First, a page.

The Best of True Crime

recommended by Jax Miller

International bestselling author Jax Miller, author of Freedom’s Child and Candyland, recommends her favorite true crime reads. (If you like the true crime genre, we also have this list).

  • 1


    People Who Eat Darkness: Love, Grief and a Journey into Japan's Shadows
    by Richard Lloyd Parry

    This real-life crime seemed to get better coverage across the pond, as the subject of the story was a missing British girl (I personally hadn't heard of it until meeting the author in France). It's one of the most eye-opening novels (dare I say exposé) into Tokyo's underground with up-for-days terror that sticks with you long after you've finished it. Really, it's a true crime masterpiece that can make even the best writers doubt themselves.

  • 2


    In Cold Blood
    by Truman Capote

    Yes, yes, I know - an obvious answer. But what's not to love about this pioneering classic, the first of the "true crime novel?" Truman successfully narrows the gap between humans and real-life monsters with the utmost literary precision and a big helping of savory Americana. Today, ICB is the gateway for all novels true-crime.

  • 3


    And the Sea Will Tell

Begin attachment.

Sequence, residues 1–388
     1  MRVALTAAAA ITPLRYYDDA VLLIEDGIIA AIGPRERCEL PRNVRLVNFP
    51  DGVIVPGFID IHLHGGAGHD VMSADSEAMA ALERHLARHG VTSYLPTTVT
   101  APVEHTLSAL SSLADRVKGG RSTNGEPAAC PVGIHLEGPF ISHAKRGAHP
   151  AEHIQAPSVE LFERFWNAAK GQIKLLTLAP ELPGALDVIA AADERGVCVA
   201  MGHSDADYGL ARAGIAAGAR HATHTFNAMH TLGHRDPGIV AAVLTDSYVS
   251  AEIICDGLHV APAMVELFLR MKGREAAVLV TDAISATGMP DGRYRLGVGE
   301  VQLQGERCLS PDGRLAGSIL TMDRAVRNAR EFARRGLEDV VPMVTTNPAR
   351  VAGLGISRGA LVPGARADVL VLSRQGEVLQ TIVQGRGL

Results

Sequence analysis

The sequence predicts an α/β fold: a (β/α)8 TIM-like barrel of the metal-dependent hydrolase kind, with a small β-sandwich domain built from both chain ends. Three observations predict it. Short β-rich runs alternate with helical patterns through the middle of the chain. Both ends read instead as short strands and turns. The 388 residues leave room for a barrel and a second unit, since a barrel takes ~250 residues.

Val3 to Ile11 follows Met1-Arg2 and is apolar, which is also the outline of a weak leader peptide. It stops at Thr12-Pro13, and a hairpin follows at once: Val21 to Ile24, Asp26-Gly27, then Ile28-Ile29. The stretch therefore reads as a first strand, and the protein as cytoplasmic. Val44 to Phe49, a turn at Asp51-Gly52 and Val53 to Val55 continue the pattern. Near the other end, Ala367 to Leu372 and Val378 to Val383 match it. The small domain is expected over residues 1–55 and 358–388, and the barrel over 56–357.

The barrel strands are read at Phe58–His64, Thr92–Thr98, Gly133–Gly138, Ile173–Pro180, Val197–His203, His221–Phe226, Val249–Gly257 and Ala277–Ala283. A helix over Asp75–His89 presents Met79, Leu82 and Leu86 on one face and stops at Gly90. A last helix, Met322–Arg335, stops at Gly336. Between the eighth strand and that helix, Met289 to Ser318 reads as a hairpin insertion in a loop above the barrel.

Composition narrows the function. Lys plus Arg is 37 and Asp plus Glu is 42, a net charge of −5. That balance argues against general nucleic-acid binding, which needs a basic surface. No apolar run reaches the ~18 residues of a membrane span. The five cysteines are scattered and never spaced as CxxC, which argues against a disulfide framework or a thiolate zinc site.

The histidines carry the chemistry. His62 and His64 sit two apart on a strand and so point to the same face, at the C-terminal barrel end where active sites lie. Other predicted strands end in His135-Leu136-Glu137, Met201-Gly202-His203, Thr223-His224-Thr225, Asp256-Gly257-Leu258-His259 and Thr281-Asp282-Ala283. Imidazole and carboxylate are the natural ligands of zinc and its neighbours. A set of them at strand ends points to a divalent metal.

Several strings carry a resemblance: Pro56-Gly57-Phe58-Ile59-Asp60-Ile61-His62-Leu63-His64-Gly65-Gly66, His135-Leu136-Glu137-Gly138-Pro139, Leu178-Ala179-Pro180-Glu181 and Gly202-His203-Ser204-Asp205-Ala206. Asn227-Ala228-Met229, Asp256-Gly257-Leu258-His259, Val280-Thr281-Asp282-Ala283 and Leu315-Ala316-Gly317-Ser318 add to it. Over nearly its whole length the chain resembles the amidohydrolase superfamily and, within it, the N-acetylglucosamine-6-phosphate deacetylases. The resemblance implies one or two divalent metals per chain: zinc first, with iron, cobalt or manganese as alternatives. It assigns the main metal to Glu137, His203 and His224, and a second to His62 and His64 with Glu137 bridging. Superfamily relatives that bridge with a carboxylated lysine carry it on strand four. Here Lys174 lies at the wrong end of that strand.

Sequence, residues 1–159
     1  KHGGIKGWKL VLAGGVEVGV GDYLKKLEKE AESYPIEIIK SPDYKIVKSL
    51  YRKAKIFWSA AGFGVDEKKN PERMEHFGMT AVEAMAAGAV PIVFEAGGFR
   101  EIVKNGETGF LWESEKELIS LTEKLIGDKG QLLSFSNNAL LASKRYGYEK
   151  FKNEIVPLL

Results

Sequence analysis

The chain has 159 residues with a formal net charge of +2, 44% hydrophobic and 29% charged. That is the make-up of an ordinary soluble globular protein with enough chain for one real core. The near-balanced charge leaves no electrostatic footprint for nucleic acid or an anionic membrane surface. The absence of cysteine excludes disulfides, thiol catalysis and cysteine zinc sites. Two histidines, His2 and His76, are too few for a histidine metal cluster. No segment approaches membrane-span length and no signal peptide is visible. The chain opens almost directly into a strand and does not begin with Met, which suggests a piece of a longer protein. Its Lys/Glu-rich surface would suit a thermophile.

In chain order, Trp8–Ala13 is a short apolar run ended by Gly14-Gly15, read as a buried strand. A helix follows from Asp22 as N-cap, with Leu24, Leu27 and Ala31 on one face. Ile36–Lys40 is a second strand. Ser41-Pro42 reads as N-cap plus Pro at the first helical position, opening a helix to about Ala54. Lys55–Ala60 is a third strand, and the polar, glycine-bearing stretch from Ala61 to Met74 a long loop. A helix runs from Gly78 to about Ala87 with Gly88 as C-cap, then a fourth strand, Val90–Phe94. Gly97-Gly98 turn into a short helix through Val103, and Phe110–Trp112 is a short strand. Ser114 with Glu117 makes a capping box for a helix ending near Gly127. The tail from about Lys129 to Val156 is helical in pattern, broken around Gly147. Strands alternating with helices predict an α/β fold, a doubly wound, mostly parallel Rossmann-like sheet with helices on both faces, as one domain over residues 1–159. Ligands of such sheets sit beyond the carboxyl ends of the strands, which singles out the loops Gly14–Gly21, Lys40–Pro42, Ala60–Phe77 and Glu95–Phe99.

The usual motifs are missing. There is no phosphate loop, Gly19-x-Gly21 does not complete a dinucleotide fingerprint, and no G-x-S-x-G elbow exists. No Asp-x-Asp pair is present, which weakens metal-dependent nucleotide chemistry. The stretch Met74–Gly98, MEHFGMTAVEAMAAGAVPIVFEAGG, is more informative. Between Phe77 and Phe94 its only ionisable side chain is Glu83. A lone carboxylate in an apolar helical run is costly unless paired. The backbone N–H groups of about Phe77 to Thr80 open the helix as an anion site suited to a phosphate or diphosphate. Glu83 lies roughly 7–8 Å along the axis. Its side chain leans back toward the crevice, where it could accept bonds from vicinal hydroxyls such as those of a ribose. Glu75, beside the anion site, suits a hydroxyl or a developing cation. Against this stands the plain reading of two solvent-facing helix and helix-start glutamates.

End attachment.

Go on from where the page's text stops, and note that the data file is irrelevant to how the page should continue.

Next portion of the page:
by Vincent Bugliosi

    While it obviously wasn't the true-crime book that marked Bugliosi's writing career (Helter Skelter will always be my first), this one invites you in with its imagery and exquisite setting. Trust me- take this one with you next time you're on a beach vacation - you won't regret it.

  • 4


    Midnight in the Garden of Good and Evil: A Savannah Story
    by John Berendt

    It's all about characterization when it comes to writing, fiction and otherwise, and this guy puts most to shame. Another ode to the non-fiction novel, this modern Southern Gothic has a way of letting readers hold hands with the most spectacularly crafted (and real-life) characters you've ever read.

  • 5


    Tinseltown: Murder, Morphine, and Madness at the Dawn of Hollywood
    by William J. Mann

    Despite winning an Edgar, this one was a bit underrated. Mann brings an era back to life in work that feels like fiction, letting readers into the shadows of Hollywood with one of the most fascinating unsolved murders to ever come out of there. HONORABLE MENTION: This was neck in neck with Ray Celestin's "The Axeman's Jazz"

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